if your breathing is interrupted primarily when you are sleeping on your back, and normal when sleeping on your side or stomach, then your sleep doctor might recommend positional therapy for you. some devices used for positional therapy are worn around your waist or back and help keep you from turning over onto your back. they gently vibrate when they detect that you are starting to roll over onto your back.
some will increase the vibration intensity if you remain on your back. the vibration stops when the device detects you are on your side or stomach. they may also collect data that can be useful for your sleep doctor, such as information about your snoring and the frequency with which you change sleeping positions during sleep. your medical provider will help you find the sleep apnea treatment that works best for you.
to compare the efficacy of positional therapy versus cpap and positional therapy versus inactive control (sham intervention or no positional therapy intervention) in people with osa. in terms of secondary outcomes, one study each reported quality‐of‐life indices and quality‐of‐sleep indices with no significant difference between the two groups. the review found that cpap has a greater effect on improving ahi compared with positional therapy in positional osa, while positional therapy was better than inactive control for improving ess and ahi. no difference in quality of life or quality of sleep between the two groups was found. one study reported that there was no difference in quality of life and quality of sleep between positional therapy and inactive control. the prevalence of osa that appears on sleeping on the back and disappears on sleeping in any position other than on the back is 25% to 30% (joosten 2014). to compare the efficacy of positional therapy versus cpap and positional therapy versus inactive control (sham intervention or no positional therapy intervention) in people with osa. we were careful to check for multiple publications of the same data. for study characteristics and outcome data, we used a data collection form that we piloted on one study in the review. we did a sensitivity analysis for the robustness of the results excluding studies that did not use laboratory‐based polysomnography. two of the studies on posa required the participants to be symptomatic as well (permut 2010; jokic 1999). blinding was not possible in the studies because of the nature of the intervention and control.
most of the other studies had low or no attrition and we judged them to be at low risk of bias. cpap reduced ahi compared with positional therapy in both the studies. we included three additional studies following the post‐hoc amendment to the protocol of the review. svatikova 2011 assessed adherence in the second phase of their study where they assigned the original 18 participants to two groups: nine participants to continue use of sona® pillow and nine to use a pillow as they wished. we judged the studies included in this review to be at significant risk of bias and therefore the results cannot be considered conclusive. in all these people, effectively instituted positional therapy is likely to normalise the diagnostic indicators of obstructive sleep apnoea. an important question is whether the clinical outcomes vary with respect to different types of positional therapy devices. the estimates of ess, sleep quality and quality of life (sf 36 and fosq) in the comparison positional therapy versus cpap, and that of sleep quality and quality of life (sf 36 and fosq) in the comparison positional therapy and inactive control are imprecise. we did not include eijsvogel 2015 and dieltjens 2015, as the former compared two methods of positional therapy, while the latter compared positional therapy in addition to mandibular advancement device with mandibular advancement device alone. as the duration of the studies was short, and clinically relevant endpoints such as quality of life were not adequately evaluated in the studies, we cannot make a conclusive statement with respect to the interventions. amethods employed for randomisation and allocation concealment not explicitly stated in the study. it did not state the procedure of allocation concealment and had significant loss to follow‐up. however, we noticed motor reaction time to be significantly different in favour of positional therapy.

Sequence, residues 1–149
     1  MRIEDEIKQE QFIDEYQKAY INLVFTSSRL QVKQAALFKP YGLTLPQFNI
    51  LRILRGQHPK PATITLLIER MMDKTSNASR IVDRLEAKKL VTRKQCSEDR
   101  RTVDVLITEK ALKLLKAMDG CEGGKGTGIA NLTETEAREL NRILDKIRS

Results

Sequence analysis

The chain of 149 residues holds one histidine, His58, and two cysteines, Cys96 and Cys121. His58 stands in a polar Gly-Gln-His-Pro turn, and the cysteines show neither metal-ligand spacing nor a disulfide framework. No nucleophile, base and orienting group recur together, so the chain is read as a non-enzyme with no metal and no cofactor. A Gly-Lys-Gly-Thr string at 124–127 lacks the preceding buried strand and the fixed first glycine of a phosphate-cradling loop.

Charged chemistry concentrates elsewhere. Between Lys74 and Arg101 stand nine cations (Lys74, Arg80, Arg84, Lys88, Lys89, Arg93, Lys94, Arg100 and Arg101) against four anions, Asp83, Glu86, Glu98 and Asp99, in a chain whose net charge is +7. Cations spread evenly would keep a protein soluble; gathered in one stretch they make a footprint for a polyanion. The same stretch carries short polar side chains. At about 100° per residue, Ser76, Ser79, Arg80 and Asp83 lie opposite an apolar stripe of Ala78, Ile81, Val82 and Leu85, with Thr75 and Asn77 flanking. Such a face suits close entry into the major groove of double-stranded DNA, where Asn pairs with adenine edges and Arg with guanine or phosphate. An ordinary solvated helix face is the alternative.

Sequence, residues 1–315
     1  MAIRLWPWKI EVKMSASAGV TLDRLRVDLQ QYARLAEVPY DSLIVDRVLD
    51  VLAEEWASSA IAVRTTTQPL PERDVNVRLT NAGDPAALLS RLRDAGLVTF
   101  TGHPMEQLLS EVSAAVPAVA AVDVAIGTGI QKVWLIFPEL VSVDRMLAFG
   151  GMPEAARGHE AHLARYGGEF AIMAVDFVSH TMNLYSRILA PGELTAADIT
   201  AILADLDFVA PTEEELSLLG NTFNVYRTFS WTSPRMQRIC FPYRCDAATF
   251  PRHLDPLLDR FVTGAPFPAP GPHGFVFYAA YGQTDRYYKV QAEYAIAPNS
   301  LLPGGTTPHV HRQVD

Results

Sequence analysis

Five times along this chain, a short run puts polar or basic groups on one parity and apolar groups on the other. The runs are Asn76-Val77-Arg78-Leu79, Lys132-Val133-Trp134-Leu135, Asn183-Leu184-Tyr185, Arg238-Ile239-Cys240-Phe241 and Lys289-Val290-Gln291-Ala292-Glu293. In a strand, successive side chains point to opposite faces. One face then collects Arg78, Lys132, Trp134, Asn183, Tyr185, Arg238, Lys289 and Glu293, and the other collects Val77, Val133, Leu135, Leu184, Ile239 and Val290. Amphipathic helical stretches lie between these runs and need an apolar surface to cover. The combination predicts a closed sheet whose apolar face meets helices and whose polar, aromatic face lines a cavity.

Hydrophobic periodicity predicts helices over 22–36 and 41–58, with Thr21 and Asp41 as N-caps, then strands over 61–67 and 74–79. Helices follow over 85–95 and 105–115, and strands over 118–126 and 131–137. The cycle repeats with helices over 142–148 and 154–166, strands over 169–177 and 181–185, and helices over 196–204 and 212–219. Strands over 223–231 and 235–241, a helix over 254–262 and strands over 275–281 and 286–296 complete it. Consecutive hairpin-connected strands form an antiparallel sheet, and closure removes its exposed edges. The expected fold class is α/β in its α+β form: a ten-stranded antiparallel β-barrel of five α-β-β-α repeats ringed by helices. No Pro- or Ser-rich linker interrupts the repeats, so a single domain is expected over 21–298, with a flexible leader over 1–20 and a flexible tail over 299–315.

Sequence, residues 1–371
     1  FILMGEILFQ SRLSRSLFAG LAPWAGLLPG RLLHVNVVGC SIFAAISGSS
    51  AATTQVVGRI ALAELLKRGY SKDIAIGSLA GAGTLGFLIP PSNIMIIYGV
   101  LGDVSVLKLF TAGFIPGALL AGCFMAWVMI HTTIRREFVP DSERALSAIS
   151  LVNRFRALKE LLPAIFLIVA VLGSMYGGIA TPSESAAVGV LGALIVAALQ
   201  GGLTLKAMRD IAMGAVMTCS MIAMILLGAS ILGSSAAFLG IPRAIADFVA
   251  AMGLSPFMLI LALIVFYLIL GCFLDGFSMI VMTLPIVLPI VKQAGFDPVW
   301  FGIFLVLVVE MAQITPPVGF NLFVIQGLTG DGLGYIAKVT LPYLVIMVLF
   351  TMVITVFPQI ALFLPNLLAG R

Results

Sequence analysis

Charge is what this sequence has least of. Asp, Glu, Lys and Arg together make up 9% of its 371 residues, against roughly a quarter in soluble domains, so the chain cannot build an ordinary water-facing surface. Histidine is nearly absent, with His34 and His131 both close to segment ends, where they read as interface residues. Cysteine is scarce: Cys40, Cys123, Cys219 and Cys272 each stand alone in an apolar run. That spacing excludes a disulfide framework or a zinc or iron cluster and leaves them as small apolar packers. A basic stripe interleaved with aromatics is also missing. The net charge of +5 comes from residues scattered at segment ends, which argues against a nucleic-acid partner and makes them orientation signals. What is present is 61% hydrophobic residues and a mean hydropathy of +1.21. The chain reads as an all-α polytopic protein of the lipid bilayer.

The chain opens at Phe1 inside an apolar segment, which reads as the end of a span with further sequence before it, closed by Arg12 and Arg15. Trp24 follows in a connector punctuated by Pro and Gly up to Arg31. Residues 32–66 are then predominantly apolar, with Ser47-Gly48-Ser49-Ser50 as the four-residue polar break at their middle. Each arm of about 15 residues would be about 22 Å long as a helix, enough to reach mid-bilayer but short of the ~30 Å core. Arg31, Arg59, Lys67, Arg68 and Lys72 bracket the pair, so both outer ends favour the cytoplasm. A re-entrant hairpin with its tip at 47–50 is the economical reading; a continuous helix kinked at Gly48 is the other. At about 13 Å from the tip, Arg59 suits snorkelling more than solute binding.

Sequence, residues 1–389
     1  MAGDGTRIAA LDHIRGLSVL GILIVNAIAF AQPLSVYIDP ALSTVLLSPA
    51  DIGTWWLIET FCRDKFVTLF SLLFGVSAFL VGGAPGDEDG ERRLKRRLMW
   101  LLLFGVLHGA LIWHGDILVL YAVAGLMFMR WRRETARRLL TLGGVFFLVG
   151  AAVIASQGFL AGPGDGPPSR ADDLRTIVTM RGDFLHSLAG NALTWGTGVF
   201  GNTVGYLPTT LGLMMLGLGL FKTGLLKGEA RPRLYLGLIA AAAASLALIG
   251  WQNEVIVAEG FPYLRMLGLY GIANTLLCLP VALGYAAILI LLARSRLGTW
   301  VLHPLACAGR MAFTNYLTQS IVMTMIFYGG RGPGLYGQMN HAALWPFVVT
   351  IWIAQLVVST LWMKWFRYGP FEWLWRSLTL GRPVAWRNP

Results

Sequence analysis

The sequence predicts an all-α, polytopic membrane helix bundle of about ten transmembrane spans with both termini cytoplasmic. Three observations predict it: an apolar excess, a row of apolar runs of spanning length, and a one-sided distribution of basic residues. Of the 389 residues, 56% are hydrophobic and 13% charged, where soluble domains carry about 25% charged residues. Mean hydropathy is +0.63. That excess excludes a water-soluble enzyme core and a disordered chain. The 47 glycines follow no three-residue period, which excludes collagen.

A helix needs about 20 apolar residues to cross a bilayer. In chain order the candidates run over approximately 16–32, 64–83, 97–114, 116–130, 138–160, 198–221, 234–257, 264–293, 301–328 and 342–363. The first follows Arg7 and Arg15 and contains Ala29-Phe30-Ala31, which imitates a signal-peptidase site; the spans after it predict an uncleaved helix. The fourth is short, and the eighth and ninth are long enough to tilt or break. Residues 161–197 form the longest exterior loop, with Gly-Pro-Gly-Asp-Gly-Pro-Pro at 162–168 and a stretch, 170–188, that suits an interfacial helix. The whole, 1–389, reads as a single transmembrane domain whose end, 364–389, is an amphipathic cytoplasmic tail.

positional therapy is an effective method to treat patients with positional osa on the short-term. long-term compliance is low especially in patients with positional therapy is a behavioral strategy to treat sleep apnea. if your breathing is interrupted primarily when you are sleeping on your positional therapy is an intervention that helps to keep the person on their side during sleep. examples include something on the person’s, .
positional therapy is an intervention that helps to keep the person on their side during sleep. examples include something on the person’s back to stop them from rolling over (like a tennis ball), special pillows, or alarms that vibrate when the person rolls onto his or her back. how is the severity of osa estimated? four studies showed that positional therapy also decreased ahi scores compared with an inactive control (md = u22127.38 events per hour; 95% ci, u221210.10 to u22124.70). at eight weeks there was no difference in adherence to positional therapy vs. an inactive control (odds ratio = 0.80; 95% ci, 0.33 to 1.94; n = 101). 1 these positions include supine (on your back), lateral (on your left or right side), and prone (on your stomach). if the ahi or rdi is normal positional therapy involves wearing a special device around your waist that helps keep you sleeping on your side. it uses “vibro-tactile feedback” technology. one thing is clear, the most successful treatment for positional obstructive sleep apnea is the one that patients will adhere to. evidence strongly suggests, .
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